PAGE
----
Marsden v. CollinsAnnotate this Case
ARTHUR MARSDEN, Jr., a Minor, etc., Appellant, v. GEORGE ROBB COLLINS et al., Respondents.
H. S. Shapiro for Appellant.
Fogel, Beman & Jones for Respondents.
Crail, P. J.
This is an appeal by the plaintiff from an order of the superior court denying his motion to set aside an order entering default on a cross-complaint. The plaintiff commenced an action against the defendants to recover damages for personal injuries arising out of an automobile accident. The defendants filed an answer and a cross-complaint. The offices of the attorneys both for the plaintiff and defendant were located in Los Angeles, at a place where there is a delivery service by mail. And the affidavit of service by mail so stated after the service of the cross-complaint was made on the plaintiff by sending a copy thereof through the mail. In due time a default for failure to answer the cross-complaint was entered. One year later, lacking two days, notice of motion to set aside default was filed. This motion was denied and the plaintiff appeals from this order.
 It is the plaintiff's contention that the court had no jurisdiction to enter the default, and he relies upon the case of Carlon v. Gray, 10 Cal. App. 2d 658, 663 [52 PaCal.2d 966, 969], wherein it is said: "In making service by mail and presenting to the court in which the action is pending, proof of such service in order to show jurisdiction to proceed thereafter in the case, strict compliance must be had with sections 1012, 1013 and 1013a of the Code of Civil Procedure. ... An affidavit, if it does not show the name and address of the party serving, and the name and address of the party to be served, and the fact of residence in different places, is insufficient to give the court jurisdiction to enter a default judgment." (Italics ours.)
Prior to 1931 service of a cross-complaint by an attorney could not legally be made by mailing a copy of the cross-complaint to the opposing attorney where both attorneys resided or had their offices in the same city. However, on June 12, 1931, section 1012 of the Code of Civil Procedure was amended by adding the portion italicized in the following quotation from said section:
"1012. Service by Mail, When. Service by mail may be made where the person on whom it is to be made resides or has his office at a place where there is a delivery service by mail, [23 Cal. App. 2d 150] or where the person making the service and the person on whom it is to be made reside or have their offices in different places between which there is a regular communication by mail. (Amendment approved June 12, 1931; Stats. 1931, p. 1534.)"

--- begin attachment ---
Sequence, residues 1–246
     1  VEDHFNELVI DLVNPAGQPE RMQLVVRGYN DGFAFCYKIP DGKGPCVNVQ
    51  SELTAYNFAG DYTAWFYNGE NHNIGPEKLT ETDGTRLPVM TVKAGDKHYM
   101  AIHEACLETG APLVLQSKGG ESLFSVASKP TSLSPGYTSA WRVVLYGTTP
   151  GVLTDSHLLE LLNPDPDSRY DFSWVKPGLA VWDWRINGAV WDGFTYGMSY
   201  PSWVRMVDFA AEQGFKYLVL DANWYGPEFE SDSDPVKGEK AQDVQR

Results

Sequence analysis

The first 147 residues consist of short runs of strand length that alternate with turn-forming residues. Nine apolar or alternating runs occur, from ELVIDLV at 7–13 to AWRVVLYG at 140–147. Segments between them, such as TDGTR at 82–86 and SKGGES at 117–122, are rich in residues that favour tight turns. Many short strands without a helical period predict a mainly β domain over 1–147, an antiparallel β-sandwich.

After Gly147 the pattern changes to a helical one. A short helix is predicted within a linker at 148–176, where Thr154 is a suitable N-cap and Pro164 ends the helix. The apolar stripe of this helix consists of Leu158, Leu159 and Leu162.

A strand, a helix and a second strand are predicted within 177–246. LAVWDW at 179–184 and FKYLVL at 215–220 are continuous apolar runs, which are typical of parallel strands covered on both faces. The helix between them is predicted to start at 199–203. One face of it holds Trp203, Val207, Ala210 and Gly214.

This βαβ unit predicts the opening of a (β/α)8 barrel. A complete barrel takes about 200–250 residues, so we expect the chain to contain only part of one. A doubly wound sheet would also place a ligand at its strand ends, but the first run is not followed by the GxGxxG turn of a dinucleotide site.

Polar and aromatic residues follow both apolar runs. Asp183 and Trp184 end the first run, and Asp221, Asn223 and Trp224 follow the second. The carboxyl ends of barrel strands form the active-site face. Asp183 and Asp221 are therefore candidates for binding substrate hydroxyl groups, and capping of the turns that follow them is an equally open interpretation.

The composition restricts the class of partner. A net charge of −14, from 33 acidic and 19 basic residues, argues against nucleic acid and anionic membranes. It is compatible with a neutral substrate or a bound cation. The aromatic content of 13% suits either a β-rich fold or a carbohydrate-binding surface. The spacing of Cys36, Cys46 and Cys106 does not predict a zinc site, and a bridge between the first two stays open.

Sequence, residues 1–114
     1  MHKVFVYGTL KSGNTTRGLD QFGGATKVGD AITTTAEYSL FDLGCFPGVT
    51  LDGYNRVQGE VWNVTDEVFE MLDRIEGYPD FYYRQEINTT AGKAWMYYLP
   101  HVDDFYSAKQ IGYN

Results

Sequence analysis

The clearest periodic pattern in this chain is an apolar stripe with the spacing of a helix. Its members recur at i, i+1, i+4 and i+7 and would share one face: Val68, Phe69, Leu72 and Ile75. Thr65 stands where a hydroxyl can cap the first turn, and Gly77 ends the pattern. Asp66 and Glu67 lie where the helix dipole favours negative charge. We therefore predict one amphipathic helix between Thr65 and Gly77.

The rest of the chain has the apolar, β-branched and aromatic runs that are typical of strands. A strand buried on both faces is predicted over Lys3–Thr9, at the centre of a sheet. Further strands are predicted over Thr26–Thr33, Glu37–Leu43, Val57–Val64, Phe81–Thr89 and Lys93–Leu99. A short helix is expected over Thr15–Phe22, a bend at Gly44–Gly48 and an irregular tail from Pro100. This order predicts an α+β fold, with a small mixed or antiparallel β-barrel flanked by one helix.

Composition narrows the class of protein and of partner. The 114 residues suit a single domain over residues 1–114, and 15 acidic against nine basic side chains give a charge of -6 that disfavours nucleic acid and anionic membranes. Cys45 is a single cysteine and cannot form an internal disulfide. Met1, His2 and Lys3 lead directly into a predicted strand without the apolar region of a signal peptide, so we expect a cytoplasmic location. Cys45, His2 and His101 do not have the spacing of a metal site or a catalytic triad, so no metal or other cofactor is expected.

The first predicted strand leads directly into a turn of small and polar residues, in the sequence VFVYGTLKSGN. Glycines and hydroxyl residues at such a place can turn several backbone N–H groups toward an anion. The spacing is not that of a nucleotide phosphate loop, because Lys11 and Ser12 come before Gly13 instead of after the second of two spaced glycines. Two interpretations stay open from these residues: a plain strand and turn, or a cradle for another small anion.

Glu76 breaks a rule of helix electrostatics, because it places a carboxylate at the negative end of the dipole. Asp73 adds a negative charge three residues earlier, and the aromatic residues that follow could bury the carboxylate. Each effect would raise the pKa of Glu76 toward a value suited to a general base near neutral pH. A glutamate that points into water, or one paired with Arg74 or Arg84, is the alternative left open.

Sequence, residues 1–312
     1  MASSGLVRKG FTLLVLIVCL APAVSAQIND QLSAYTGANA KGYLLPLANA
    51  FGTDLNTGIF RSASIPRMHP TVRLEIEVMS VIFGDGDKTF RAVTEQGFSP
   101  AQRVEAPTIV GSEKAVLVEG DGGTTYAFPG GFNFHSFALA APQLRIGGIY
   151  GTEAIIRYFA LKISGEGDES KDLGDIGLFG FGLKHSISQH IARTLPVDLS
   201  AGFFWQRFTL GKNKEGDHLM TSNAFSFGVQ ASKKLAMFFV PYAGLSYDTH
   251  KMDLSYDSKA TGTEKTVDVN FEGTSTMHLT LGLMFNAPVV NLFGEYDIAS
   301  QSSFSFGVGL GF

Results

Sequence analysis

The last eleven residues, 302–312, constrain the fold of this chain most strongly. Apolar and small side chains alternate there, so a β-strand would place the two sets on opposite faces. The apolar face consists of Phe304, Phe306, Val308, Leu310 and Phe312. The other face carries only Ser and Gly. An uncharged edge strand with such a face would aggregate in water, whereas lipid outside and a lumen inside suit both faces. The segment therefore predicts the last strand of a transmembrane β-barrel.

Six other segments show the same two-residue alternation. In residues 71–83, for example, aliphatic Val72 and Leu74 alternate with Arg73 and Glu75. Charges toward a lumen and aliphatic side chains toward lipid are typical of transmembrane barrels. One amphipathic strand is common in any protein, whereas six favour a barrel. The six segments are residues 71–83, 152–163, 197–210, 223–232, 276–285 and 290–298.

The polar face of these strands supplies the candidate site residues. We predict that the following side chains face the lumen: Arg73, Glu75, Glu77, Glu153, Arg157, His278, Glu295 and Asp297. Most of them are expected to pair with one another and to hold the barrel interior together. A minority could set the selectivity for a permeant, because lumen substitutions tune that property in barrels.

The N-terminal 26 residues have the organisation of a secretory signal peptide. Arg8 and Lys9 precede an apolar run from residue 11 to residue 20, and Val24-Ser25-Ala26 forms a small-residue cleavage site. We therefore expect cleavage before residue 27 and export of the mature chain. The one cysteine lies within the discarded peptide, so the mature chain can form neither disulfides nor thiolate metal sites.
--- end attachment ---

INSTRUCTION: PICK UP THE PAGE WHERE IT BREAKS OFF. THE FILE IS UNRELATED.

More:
If the contention of the plaintiff be correct then it must be held that the amendment is without effect. If meaning is to be attributed to the amendment, then the service of the cross-complaint as made in this case was sufficient.
Turning to the Carlon case we find that it does not furnish authority in support of the plaintiff's position because the service which was declared insufficient in that case was not made by a person having his office or residence in the same place in which the person to be served had his office or place of residence. It was the affidavit itself, because it failed to state the residence or postoffice address of the party served, which was found insufficient. The appellate court in making its decision in that case did not have occasion to discuss the amendment which is all-important in the instant case, and since that point was not involved the language of the court in the Carlon case constitutes dictum only on the question now before this court. There is nothing in that case to indicate that the court took into consideration the effect of the amendment, and there was no reason for the court to do so because the question was not involved. All of the other cases relied upon by the plaintiff were decided prior to the 1931 amendment and hence constitute no authority.
In our view the court had jurisdiction to enter the default.
Wood, J., and McComb, J., concurred.